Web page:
Living with the Questions

The trailer for “I Kill Giants” dropped last week.  I am instantly hype for it.  It’s based on one of my favorite graphic novels of the same name, written by Joe Kelly and drawn by J. M. Ken Niimura, which you should definitely check out if that’s in your wheelhouse.  Or even if it isn’t normally in your wheelhouse!  It’s good to try different sorts of stories once in a while.

“I Kill Giants” is a great example of a liminal fantasy:  much of the conflict/mystery is on whether or not the magical elements are actually happening.  It’s a great approach to fantasy, though it takes a deft touch to pull it off well.

Here’s a thought exercise:  was Hobbes, the stuffed tiger who was Calvin’s constant companion, actually capable of transforming, or was it all in Calvin’s imagination?  Watterson left it deliberately unclear which was “truer,” letting the story rest in that uncertain tension.

Fantasy can do that.  One could argue that this is what fantasy is:  it lives in the tension between what is real and what is not.  We know that dragons aren’t real, but for the duration of a story, we can hold that idea in our heads:  we can accept that the dragons, in this story, are real, and that is enough.  Or, at the very least, we can live with the question that the dragons MIGHT be real.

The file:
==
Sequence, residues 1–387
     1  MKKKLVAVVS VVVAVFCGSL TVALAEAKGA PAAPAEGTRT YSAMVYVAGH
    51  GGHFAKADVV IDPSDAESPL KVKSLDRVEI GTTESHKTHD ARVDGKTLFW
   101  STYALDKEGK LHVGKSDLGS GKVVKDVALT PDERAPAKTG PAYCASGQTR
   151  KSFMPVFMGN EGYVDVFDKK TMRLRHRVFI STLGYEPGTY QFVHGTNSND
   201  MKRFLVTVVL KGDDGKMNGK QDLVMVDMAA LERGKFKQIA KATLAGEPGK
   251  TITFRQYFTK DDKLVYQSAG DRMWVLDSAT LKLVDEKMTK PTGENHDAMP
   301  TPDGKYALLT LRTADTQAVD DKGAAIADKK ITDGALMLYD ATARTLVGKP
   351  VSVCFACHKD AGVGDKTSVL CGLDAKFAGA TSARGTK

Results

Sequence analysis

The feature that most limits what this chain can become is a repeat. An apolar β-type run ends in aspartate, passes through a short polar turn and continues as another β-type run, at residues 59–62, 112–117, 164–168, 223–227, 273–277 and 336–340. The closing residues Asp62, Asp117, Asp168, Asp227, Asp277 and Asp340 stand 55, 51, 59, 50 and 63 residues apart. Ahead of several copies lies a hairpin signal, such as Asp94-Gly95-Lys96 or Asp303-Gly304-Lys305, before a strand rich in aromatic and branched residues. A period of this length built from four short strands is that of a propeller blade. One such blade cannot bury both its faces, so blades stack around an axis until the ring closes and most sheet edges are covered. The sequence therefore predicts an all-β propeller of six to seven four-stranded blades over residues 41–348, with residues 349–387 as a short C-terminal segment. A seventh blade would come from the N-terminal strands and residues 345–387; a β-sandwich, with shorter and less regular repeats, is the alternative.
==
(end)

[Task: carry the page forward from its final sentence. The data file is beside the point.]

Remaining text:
That’s one of the many things I enjoy about fantasy:  the magic can be as bombastic as a fireball to the face, or it can be subtle and numinous as a soft scent you think you detect on the breeze but aren’t really sure if it’s there or where it’s coming from.  Fantasy is incredibly flexible, a vast field of seemingly endless variety. And there are some great stories out there where the fantasy is as subtle as a smudged fingerprint on a screen, or a light seen out of the corner of your eye.

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